Why did a professional musician name galaxy catalog numbers that are still in use today?
The professional musician was William Herschel, who played music for a living before becoming an astronomer. This makes sense if you think of Kepler's music of the spheres. Assisted by his sister Caroline Letitia (1750-1848), he began a series of four "reviews of the heavens" in which he described the motion and the distribution of the stars. Not only did this provide the data to help substantiate Newton's physics, but it also led to a catalog of heavenly objects that still in use today — the New General Catalog of non-stellar objects.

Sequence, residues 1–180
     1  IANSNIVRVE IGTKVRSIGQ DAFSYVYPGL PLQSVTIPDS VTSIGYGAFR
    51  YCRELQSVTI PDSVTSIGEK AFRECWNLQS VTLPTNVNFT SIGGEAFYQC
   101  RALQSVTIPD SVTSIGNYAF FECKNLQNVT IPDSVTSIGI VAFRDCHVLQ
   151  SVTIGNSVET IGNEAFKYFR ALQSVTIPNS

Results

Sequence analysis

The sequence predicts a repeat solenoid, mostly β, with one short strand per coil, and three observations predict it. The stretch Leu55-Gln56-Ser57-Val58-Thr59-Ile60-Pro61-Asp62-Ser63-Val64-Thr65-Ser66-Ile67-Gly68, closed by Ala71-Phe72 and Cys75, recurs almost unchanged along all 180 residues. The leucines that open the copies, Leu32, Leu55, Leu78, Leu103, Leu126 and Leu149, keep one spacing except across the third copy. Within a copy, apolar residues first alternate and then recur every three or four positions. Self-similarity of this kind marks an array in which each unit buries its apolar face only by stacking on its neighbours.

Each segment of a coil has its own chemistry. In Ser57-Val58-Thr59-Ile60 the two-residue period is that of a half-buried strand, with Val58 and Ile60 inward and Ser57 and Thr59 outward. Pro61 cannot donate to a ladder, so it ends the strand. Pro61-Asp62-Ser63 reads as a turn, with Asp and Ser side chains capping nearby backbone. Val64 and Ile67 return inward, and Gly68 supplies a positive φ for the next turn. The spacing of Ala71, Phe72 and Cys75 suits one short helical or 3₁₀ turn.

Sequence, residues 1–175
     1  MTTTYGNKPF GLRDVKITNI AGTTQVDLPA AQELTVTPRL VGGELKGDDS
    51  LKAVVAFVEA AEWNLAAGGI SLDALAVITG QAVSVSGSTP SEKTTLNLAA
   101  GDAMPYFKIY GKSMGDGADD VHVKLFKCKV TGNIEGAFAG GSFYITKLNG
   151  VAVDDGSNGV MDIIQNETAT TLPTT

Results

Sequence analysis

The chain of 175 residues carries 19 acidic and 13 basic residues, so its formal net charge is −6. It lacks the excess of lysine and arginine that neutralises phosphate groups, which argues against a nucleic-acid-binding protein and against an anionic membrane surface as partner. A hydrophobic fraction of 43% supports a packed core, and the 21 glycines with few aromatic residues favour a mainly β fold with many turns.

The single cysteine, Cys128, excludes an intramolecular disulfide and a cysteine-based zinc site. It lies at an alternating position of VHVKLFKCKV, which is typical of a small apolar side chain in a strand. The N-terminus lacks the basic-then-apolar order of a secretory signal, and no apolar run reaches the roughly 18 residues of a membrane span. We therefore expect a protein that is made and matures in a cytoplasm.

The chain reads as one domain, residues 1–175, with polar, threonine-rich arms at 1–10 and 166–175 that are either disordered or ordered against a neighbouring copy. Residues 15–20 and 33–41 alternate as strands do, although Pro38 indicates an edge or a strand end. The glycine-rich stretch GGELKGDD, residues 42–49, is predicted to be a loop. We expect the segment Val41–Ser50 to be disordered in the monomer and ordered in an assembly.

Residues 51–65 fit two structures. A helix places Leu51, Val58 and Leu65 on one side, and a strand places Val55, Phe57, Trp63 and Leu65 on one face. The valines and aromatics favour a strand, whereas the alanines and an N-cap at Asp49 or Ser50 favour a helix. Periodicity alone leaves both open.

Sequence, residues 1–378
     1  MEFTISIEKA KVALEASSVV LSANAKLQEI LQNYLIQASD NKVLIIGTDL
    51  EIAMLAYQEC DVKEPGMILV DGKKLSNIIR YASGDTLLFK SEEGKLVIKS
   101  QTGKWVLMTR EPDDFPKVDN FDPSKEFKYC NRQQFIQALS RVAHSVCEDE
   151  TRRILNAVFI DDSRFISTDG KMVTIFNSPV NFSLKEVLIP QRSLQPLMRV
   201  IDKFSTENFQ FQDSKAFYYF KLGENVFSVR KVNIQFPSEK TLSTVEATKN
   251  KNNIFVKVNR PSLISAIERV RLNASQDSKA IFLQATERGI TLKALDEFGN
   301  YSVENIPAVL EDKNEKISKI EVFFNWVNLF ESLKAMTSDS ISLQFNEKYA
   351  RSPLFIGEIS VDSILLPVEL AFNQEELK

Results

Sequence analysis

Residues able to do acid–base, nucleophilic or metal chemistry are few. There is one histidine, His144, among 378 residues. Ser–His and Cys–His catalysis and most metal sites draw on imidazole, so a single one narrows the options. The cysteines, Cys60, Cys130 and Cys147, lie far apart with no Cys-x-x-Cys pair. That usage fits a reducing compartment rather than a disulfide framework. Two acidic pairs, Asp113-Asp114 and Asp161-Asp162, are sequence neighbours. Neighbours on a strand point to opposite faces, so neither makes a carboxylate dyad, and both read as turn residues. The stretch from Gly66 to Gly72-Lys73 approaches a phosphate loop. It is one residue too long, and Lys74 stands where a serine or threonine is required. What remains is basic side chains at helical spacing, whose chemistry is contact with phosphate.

What does Frankenstein and the man who discovered Uranus have in common?
Herschel produced the first rough description of our galaxy, the Milky Way, and calculated both the direction and velocity of the motion of our solar system through space. Despite all this, he did not know that many of the "faint fuzzies" or non-stellar objects were actually galaxies. These objects were not confirmed to be galaxies until well into the 20th century. Those NGC-numbered galaxies we so blithely name were still mysteries when they were catalogued by Herschel during the time that Mary Shelly wrote Frankenstein.